The ongoing conflict in Israel and escalating tensions in the Middle East pose significant risks to the global oil market, as reported by the International Energy Agency (IEA). In its latest monthly report, the Paris-based organization highlighted concerns surrounding the sharp increase in geopolitical tensions in the region, which accounts for a third of sea-borne oil trade.
Although there has been no immediate impact on physical supply, the markets remain on high alert as the crisis unfolds, cautioned the IEA. Brent crude prices surged above $90 a barrel earlier this week following an unexpected attack by Hamas on Israel over the weekend. While neither Israel nor the Palestinian territories play a significant role in oil production, analysts are apprehensive about potential ripple effects that could affect major oil producers in the region, such as Iran. Such effects may trigger a decline in supply, further exacerbating market concerns.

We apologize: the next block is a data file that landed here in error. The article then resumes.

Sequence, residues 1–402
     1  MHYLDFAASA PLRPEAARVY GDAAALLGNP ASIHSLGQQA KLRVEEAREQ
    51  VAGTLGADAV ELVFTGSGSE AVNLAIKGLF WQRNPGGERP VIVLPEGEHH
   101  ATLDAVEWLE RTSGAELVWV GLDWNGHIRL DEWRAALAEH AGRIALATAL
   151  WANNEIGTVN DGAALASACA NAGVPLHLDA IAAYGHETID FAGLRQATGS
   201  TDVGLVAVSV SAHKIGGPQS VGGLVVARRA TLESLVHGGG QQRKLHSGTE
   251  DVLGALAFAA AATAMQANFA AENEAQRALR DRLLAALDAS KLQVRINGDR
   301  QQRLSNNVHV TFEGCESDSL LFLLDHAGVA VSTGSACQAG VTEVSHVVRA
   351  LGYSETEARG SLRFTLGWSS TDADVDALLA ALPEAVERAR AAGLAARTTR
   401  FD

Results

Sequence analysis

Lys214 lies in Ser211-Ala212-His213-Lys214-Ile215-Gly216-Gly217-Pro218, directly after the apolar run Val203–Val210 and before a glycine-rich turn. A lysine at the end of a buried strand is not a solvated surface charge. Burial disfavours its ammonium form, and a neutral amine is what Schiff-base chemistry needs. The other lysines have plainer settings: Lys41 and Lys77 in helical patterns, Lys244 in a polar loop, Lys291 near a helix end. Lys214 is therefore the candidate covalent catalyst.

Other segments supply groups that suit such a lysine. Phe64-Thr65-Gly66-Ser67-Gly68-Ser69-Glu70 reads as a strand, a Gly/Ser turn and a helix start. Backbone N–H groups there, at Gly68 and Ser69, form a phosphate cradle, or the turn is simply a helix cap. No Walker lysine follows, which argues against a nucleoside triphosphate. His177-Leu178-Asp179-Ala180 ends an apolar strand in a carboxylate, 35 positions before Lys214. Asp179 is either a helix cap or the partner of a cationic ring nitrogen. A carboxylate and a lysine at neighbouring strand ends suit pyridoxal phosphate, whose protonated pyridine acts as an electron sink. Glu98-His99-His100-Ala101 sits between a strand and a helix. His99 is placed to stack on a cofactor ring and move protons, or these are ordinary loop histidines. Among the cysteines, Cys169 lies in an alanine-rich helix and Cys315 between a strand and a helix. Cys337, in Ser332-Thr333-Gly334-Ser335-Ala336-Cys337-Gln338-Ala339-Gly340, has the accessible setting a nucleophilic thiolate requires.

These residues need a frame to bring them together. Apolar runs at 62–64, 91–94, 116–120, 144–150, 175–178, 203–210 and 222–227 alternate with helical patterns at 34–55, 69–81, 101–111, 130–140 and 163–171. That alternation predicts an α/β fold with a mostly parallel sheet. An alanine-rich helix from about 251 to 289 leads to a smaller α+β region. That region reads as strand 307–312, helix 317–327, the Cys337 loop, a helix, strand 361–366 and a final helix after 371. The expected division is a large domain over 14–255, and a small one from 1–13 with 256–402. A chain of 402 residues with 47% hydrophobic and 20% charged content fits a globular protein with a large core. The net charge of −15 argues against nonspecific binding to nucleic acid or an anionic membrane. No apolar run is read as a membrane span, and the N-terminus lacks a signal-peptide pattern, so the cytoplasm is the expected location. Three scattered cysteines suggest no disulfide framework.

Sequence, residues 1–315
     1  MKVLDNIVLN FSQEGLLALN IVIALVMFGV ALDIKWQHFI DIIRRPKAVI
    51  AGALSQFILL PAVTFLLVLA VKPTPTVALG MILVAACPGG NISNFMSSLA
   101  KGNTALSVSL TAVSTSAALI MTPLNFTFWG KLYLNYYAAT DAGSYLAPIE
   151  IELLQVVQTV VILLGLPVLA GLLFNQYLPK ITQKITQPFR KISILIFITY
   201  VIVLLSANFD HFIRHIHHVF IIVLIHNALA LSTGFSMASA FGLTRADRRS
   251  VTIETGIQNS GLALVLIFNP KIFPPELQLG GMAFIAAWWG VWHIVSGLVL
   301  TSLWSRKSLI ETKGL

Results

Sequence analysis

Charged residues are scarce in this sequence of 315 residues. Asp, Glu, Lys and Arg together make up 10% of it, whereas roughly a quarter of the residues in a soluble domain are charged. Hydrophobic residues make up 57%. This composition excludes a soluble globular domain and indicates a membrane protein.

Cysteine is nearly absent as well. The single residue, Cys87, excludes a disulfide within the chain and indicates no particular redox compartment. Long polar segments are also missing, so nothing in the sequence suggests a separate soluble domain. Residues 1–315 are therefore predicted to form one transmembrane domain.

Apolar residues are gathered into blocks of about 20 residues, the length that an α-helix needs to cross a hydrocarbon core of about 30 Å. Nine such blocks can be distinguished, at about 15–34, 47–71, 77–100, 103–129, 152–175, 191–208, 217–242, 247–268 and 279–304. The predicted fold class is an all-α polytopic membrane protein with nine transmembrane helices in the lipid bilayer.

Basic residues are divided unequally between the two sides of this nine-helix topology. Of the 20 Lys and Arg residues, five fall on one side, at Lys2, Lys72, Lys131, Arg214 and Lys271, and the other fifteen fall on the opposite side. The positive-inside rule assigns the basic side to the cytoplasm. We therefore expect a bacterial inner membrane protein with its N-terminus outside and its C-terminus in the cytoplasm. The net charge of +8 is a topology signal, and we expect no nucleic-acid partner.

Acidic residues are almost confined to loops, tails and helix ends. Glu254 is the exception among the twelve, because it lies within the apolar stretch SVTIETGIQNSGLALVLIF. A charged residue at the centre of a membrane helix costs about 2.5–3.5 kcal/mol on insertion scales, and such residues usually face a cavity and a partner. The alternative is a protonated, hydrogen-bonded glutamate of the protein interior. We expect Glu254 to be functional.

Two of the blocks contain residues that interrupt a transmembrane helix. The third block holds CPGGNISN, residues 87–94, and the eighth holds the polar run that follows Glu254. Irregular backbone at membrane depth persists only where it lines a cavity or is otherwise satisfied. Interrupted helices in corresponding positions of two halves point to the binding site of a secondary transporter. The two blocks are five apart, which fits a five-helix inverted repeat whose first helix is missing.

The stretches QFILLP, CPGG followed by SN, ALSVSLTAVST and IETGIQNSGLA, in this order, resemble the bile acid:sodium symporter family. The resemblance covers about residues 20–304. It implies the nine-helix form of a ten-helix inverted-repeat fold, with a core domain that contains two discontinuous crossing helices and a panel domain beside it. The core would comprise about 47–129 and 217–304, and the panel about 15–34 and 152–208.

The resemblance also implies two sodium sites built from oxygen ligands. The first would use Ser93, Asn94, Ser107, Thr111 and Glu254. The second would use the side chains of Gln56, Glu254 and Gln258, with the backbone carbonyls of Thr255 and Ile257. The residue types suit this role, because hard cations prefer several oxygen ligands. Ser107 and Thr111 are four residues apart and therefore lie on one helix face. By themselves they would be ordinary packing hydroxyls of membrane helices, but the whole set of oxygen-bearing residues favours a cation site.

Moreover, this risk is compounded by the Organization of the Petroleum Exporting Countries (OPEC) tightening their supply. With oil markets already tightly balanced, as previously predicted by the IEA, the international community is closely monitoring any threats to the region’s oil flows. The IEA now predicts a growth in oil demand of 2.3 million barrels per day this year, a slight increase of 100,000 barrels per day compared to last month’s report. If this projection holds true, it would result in a total daily demand of 101.9 million barrels, setting a new record.
The IEA attributes this elevated demand to strong growth in China. As tensions persist and geopolitical uncertainties persist in the Middle East, the global oil market faces an uncertain future.